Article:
Paradoxes of self
My review of Lawrence Douglas's excellent novel The Vices—and my consideration of Lars Arffssen's parody, The Girl With the Sturgeon Tattoo—is now up at Bookforum:
Our narrator is so fluently revealing, even as he peppers his conversation with white lies, that it's a shock to realize that we never learn his name. Is he, in fact, not so much a narrator as a narrative device, a way to tell The Real Life of Oliver Vice? Douglas, or his surrogate, creates exceptionally memorable set pieces: a lust-and-magic-ridden party in commemoration of Beggars Banquet; a Christmas dinner in New York with Oliver's bewitching mother and corpulent, Churchill-worshipping brother. And though the novelist has a seamless voice, he allows other characters to reach us, unfiltered, via their correspondence. Oliver's frequent missives from abroad have the bitter-hilarious tang of a Thomas Bernhard rant:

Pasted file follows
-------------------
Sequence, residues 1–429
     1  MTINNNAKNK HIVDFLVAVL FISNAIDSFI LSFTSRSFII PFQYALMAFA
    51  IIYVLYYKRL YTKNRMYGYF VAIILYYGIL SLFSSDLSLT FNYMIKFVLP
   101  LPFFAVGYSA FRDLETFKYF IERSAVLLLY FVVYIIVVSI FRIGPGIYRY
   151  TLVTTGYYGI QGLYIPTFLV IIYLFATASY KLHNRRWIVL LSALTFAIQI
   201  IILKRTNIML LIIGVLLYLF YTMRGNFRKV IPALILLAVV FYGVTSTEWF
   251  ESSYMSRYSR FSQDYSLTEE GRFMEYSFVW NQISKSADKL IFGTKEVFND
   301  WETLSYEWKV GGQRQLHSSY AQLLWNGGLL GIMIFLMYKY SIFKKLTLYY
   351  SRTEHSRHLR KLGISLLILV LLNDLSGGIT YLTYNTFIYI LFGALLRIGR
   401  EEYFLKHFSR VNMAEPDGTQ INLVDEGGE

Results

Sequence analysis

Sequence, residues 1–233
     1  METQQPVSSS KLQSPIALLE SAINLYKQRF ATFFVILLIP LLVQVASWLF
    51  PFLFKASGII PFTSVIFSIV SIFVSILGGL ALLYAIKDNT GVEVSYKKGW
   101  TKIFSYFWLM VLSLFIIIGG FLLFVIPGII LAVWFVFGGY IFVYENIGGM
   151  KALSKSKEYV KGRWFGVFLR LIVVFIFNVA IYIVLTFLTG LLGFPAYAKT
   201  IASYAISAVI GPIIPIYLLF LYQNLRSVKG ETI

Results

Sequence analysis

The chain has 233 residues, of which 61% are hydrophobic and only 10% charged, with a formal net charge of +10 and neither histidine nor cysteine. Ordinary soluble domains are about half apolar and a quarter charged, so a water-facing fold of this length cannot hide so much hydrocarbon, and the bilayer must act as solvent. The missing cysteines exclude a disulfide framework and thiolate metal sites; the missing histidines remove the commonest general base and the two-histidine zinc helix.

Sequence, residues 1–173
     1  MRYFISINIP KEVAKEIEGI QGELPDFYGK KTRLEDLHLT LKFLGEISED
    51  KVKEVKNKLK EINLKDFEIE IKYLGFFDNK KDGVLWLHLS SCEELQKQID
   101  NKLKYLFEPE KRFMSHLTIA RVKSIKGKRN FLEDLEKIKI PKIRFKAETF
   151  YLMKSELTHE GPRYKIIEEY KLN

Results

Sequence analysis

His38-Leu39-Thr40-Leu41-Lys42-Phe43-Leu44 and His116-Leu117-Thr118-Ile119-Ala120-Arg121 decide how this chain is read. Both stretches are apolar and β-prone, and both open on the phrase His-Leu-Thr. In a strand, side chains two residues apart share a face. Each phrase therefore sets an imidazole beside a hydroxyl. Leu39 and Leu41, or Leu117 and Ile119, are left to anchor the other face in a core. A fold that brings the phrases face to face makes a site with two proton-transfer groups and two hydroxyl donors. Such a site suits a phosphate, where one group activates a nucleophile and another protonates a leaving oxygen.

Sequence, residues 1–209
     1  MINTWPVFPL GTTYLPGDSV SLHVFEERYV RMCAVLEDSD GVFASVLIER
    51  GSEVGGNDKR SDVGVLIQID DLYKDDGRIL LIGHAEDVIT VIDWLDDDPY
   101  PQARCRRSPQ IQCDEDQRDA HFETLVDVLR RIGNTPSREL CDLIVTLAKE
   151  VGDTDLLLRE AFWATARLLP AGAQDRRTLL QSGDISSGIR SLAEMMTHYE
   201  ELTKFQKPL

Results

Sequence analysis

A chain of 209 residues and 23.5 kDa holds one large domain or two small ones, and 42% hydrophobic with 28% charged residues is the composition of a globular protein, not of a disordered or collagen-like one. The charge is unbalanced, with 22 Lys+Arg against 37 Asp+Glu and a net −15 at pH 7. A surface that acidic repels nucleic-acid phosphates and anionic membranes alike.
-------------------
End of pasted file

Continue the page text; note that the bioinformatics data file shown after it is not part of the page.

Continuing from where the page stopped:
But her apartment stinks of cigarettes, and I can't stand being there—the odor is so vile, it makes me physically ill. But here's the catch. The cigarette odor in S.'s studio is no different from the smell in my mother's apartment, which has never bothered me. In fact, I would go so far as to say that I find the smell in my mother's apartment pleasing.
Even more impressive are the glimpses of Oliver's masterpiece, the Wittgensteinian treatise Paradoxes of Self. It's one thing for a novelist to invent a genius-author character; it's another order of difficulty to include excerpts of said genius's work that are brilliant enough to convince us of the character's literary chops. The five pages of Paradoxes of Self that Douglas presents—i.e., writes—are so good that you'll wish the book existed in full, on the shelf.